Arriving in West Siberia – Days 1 and 2

A warm welcome on our arrival to Mukhrino field station

Unfortunately due to a lack of Wifi, I have been unable to post these blogs as they happened, however we are still in Russia so it sort of counts…

We spend most of the first couple of days travelling… After leaving Edinburgh at 8am on Friday, we arrived in Moscow, via Heathrow, at 6pm (+2 hours BST) and waited in the very hot and busy Domodedevo airport for over 5 hours until our domestic flight to Khanty-Mansiysk. Khanty-Mansiysk is in West Siberia and is nearly 3000 km from Moscow. We arrived on Saturday morning, 6am (+5 hours BST) to be unexpectedly greeted by our colleagues from CEH and Forest Research, Jill Thompson and Mike Smith. They were at the airport after a few days in K-M and were heading on the next leg of their journey to Spasskaya in the east of Russia. We were collected by Evgeniy who drove us to Shapsha field station where we were shown our rooms and given a chance to catch up on some much needed sleep! 

Feeling a little refreshed after a short rest, we met with Elena Lapshina, who is the Station Manager, and discussed what the field stations we planned to visit were like, and what the best plan for the next week would be. Our primary collection is a fine scale mapped population of Pinus sylvestris in the peat bogs near to the Mukhrino Field Station. This site is south-west of the town of Khanty-Mansiysk, and is approximately 10 km from the nearest road. In the Winter it is reached by snow-mobile, and in the Spring/Autumn by boat along the river. However after the driest Summer in 150 years, the water level is too low to go by boat and so we walked (with our rucksacks collected later by the argocat). It was a beautiful walk across flood plains, through pristine forest and over occasional shallow streams. We saw lots of wildlife including a badger, red squirrels, lizards, an adder, a water-rat, butterflies and lots of mosquitoes and other irritating winged creatures… The field station is in a wonderful location, and is utterly tranquil. It even has a banya (sauna) which we were encouraged to use every evening!  Although remote it does have wifi, although this relies on a wind turbine (which isn’t currently working) or solar panels. Alternatively there is a generator although there were some problems with this also while we were there. However the long light evenings mean this isn’t a big problem and apart from an inability to reliably communicate it didn’t impact at all.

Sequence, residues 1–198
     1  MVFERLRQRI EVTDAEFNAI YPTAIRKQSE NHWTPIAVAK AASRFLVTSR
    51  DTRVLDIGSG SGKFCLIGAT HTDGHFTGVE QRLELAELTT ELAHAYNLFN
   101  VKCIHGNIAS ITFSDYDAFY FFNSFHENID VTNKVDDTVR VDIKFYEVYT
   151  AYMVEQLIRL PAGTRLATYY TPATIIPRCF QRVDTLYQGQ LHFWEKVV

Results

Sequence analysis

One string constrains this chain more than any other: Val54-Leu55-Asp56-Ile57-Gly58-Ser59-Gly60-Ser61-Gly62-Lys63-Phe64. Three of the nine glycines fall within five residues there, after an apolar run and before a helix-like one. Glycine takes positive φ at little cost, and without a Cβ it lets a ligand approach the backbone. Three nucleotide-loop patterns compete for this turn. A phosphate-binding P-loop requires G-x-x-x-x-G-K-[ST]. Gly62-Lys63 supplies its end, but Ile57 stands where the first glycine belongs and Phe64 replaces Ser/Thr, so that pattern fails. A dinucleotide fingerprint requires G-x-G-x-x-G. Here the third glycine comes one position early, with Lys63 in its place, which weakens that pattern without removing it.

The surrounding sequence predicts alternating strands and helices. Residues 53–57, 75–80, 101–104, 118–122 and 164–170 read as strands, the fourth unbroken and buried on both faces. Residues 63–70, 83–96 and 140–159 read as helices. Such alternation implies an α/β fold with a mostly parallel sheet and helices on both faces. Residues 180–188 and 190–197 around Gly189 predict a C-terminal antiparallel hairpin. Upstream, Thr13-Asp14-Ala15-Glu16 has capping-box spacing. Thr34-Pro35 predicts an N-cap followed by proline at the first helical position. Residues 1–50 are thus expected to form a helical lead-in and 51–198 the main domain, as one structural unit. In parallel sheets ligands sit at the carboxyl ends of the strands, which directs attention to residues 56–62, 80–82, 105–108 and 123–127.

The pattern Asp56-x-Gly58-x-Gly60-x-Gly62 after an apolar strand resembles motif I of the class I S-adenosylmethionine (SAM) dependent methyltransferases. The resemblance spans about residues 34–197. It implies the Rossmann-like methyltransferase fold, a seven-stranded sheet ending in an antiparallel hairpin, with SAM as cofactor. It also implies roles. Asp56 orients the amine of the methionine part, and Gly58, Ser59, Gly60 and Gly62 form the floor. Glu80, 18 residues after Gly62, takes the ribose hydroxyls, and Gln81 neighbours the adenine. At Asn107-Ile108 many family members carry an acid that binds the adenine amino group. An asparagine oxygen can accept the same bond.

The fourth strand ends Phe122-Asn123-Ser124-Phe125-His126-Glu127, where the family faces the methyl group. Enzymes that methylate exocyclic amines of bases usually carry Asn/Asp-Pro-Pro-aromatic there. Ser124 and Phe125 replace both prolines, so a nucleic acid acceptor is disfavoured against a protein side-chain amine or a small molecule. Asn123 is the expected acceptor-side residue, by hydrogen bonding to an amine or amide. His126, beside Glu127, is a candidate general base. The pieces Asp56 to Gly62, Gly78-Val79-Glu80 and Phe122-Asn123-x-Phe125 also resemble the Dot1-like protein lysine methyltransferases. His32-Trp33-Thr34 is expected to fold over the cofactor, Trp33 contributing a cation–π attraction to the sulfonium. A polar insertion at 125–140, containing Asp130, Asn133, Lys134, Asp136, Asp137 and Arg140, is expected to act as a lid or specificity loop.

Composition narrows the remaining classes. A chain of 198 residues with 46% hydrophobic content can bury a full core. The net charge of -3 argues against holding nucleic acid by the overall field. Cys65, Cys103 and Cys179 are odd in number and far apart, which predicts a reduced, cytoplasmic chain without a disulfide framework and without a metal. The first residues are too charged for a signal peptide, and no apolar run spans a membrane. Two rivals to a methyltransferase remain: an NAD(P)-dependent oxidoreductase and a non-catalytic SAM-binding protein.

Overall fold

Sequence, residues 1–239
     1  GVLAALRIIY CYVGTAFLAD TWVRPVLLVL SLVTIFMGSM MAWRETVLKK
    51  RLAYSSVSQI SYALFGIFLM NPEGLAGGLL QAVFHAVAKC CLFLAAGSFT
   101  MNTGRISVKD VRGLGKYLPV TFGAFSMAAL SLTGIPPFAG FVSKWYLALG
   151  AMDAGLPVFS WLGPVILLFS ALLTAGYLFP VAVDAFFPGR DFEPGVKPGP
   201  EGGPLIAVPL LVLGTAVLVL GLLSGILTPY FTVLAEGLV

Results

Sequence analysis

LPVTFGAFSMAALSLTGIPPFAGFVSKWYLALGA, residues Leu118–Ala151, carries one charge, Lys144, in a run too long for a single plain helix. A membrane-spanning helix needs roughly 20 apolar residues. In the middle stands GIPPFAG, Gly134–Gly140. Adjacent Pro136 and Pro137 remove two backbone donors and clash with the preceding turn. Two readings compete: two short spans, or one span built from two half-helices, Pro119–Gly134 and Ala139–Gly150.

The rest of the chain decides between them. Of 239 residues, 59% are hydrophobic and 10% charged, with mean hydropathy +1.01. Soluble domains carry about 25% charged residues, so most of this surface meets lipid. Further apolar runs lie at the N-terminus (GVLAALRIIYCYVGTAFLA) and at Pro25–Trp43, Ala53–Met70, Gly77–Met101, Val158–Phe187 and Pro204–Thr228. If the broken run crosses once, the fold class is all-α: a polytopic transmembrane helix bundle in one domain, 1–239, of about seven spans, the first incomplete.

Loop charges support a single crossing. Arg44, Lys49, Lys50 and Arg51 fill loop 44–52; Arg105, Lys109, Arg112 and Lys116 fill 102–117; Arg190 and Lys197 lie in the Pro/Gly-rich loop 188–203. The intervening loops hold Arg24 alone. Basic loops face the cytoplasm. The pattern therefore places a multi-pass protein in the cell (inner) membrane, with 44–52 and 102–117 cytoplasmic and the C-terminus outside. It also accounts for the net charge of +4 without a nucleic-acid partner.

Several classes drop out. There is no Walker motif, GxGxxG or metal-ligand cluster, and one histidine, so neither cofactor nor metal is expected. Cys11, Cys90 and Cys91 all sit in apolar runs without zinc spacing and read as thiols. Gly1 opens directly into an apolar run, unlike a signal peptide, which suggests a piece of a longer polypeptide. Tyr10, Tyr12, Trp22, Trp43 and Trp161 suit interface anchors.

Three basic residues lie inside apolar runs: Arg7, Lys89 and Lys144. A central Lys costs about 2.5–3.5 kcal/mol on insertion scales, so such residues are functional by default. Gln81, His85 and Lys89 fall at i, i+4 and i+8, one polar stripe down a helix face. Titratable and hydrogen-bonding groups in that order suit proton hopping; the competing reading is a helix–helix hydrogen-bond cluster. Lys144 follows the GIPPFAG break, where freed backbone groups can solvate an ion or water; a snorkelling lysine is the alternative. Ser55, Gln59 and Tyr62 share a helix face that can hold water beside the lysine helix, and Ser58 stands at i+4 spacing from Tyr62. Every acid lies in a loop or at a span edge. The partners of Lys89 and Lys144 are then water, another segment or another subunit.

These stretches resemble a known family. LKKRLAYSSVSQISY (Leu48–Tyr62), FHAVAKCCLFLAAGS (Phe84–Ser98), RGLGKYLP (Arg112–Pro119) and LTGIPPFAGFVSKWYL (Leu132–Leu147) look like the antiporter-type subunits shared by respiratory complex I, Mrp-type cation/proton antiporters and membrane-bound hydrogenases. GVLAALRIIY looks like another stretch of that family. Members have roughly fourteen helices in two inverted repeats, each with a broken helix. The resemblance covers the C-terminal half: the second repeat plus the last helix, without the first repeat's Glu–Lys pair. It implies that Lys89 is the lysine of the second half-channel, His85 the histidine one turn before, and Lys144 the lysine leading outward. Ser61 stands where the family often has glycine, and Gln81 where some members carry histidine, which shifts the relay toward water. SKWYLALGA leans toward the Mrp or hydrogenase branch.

After a long couple of days we were given the chance to relax for a few hours, drinking beer by the fire after using the banya, and eating delicious home-made soup.

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